The Senate voted to kill the Women’s Health Protection Act of 2021 Monday, Feb. 28. Don’t let the name fool you; it was just another attempt by progressive Democrats to codify a right to abort in federal law. With states passing new restrictions and a predominately conservative Supreme Court considering legal challenges that have pro-choice activists trembling, the so-called reproductive right is a hot issue. The bill may have flopped in the upper chamber, but some argue the loss can be used to snatch victory from the jaws of defeat come election time in November. Can Democrats scare enough voters to break the impending red wave? Let the spin begin.
Setting The Narrative
Some version of this bill has come before every Congress since 2013, but this most recent effort is special. Rep. Judy Chu (D-CA) introduced the cleaver bit of legislation on July 6, 2021, and the House passed it 218-211 on September 24. While Democrats champion this as a backstop should Roe v. Wade be overturned, in reality, it does much more.
Under the WHPA, no state could pass a law that blocks abortion before the point of viability. That means no more so-called heartbeat bills. Even after the point of viability, abortions would be federally protected so long as the “treating health care provider,” who under this law doesn’t necessarily have to be a doctor, believes in “good-faith medical judgment” that continuing the pregnancy could “pose a risk to the pregnant patient’s life or health.” Such open-ended language could be argued to allow late-term abortions in any pregnancy, as there are always risks.
Furthermore, no law could require any medical tests or even an in-person consult before a pregnant woman could be prescribed – over the phone – medication to abort. Parental notice and consent for minors also wouldn’t be allowed. Even a regulation that has a “reasonable likelihood” of deterring some patients indirectly would be prohibited, and defending such a law would require “clear and convincing evidence” that it “significantly advances the safety of abortion services” in a way that can’t be achieved through less restrictive ways.
As if that weren’t radical enough, the bill also explicitly states that it applies to any state or federal law “whether adopted before or after the date of enactment of this Act.” Taken literally, this would undo even the regulations already in place. Furthermore, since the WHPA also empowers both the individual and the Department of Justice to sue any state over such a law, an argument could be made for suits against any state that has previously passed any restriction that would become prohibited, regardless of how constitutional they might have been before.
Spin That Yarn
“The American people deserve to see that while Democrats are fighting to protect their constitutional rights, Republicans are hoping the Supreme Court rolls back Roe and are actively blocking Congress from acting to protect reproductive rights,” declared Sen. Tammy Baldwin (D-WI) before the vote. That’s a pretty tale for the left – but it falls just a little short of the truth.
With exactly half of the Senate occupied by Democrats or Independents who are Democrats in all but name, Vice President Kamala Harris’ tie-breaking vote gives her party a technical majority in the upper chamber – which means a trifecta of power over the federal government. Dems love to point to party-line votes and proclaim that the GOP is standing firmly in the way of progress. If only it weren’t for that dang old filibuster. But in truth, Democrats could eliminate that procedural hurdle entirely if they only held a true majority. Luckily for the Republic, they don’t. All 50 Republicans and at least two of the Democrats – Joe Manchin of West Virginia and Arizona’s Kyrsten Sinema most often, though others occasionally join in – hold a slim majority against eliminating the filibuster.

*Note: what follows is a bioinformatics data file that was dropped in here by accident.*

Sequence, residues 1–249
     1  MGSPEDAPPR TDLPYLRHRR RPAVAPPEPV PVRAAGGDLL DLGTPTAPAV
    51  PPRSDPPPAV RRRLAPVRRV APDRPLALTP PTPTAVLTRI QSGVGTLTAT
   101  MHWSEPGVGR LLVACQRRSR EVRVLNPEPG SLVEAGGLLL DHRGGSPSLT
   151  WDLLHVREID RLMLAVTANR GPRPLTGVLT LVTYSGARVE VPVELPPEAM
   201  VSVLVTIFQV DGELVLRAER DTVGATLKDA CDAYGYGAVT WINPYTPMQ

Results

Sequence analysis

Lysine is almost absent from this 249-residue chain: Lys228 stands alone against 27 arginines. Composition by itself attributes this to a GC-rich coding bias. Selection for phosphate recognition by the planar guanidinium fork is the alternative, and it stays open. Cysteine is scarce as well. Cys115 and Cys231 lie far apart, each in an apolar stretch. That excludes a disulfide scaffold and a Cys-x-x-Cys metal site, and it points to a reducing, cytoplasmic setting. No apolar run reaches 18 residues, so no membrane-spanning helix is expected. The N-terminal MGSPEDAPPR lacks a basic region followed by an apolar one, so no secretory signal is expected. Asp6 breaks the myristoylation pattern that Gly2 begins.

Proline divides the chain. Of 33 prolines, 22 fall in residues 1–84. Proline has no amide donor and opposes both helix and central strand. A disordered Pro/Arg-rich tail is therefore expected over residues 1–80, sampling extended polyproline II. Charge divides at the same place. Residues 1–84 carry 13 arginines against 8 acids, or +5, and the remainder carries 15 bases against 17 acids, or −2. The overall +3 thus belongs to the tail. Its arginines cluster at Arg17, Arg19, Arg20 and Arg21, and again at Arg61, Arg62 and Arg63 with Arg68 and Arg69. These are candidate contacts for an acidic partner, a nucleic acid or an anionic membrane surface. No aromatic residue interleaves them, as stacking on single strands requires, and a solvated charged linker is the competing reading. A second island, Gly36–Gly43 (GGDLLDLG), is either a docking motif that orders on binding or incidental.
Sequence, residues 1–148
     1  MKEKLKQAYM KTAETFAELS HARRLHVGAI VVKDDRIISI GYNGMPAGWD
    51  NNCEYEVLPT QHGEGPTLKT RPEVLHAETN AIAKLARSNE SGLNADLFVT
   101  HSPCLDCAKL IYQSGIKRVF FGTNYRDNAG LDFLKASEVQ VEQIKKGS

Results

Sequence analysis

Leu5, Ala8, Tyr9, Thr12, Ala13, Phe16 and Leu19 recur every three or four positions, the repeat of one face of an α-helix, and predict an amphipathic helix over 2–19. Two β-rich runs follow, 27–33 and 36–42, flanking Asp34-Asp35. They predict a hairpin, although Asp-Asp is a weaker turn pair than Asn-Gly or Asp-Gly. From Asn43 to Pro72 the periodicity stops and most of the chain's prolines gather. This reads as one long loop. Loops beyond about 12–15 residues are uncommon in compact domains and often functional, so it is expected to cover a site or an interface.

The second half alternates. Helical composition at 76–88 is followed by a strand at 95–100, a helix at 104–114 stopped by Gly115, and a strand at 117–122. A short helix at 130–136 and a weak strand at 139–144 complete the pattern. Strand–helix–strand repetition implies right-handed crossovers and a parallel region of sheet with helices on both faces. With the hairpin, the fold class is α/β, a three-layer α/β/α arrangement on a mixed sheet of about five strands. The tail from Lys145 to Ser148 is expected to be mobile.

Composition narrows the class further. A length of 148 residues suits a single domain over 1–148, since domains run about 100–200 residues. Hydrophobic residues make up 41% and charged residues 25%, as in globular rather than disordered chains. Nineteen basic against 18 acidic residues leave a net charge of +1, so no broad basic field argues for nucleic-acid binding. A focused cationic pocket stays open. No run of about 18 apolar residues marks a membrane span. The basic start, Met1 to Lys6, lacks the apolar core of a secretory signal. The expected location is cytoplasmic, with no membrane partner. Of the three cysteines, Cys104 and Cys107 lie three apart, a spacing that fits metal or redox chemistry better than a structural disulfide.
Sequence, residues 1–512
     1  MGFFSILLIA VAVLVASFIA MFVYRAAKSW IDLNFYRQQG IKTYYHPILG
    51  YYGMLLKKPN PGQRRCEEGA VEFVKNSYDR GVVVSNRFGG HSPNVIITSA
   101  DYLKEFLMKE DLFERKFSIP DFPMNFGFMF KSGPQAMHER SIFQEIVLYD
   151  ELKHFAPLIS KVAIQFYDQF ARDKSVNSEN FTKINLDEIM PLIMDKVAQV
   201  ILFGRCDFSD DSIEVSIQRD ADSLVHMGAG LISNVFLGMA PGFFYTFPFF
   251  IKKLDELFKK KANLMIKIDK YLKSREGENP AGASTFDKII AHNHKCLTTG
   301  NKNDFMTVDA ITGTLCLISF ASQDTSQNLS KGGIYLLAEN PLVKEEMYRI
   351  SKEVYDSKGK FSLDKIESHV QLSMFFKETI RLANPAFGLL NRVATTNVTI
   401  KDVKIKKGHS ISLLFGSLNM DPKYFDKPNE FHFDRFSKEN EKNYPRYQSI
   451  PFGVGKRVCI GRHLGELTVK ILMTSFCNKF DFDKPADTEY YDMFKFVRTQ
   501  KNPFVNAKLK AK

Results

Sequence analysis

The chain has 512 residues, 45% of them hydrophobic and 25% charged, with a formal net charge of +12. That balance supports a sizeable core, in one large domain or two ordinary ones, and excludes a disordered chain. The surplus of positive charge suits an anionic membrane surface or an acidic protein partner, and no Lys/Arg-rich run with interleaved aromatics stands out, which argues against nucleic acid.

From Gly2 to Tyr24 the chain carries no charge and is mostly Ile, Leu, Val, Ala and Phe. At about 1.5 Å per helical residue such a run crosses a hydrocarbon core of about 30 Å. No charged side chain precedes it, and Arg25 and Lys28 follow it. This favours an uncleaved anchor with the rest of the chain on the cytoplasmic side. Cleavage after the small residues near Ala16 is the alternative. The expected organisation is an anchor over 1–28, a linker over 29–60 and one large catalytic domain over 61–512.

In this vote, however, not even that much-ballyhooed Senate rule is to blame. In the 46-48 vote, Sen. Manchin sided with the GOP, as was expected. Still, even had he stood with his own party members, the vote would have failed 47-48. Bob Casey (D-PA) was the only other Democrat who didn’t co-sign the bill. While he did vote to open discussion, there’s no guarantee he would have endorsed the finished product. Even had all 48 Democrat co-sponsors been present and voted for it, that’s still two shy of a 50/50 split that could be weighted their way by the VP if it weren’t for the filibuster. Even the pro-abortion Republicans Susan Collins of Maine and Lisa Murkowski of Alaska voted against beginning debate – and they followed up by introducing a bill of their own to codify Roe v. Wade, if not in such a broad manner as the WHPA. This bill is simply too extreme for moderate Democrats and pro-abortion Republicans to accept – and it likely only received a House vote in reaction to the Texas heartbeat bill banning abortions after six weeks.
Rally Around Abortion?
The vote represents yet another legislative loss for the Democrats. However, with the right spin, it also presents an opportunity for fearmongering to drive liberal voters otherwise disinterested and disheartened by the party’s lackluster performance to show up on election day. “It’s laying the groundwork for a very powerful contrast,” explained Democratic pollster Celinda Lake. “One of the biggest problems we have is convincing voters that any rights they have would ever be taken away, or that we would ever backtrack.” But this, along with the Supreme Court deliberations, can easily be presented as a crisis.
“We’re going to hold accountable every senator who votes against this bill,” Sen. Richard Blumenthal (D-CT) warned earlier. “Make no mistake, reproductive freedoms will be on the ballot this November.” Will Democrats really campaign on their own failures? Don’t doubt it for a minute. The real question is: How many useful idiots can they fool?
~ Read more from James Fite.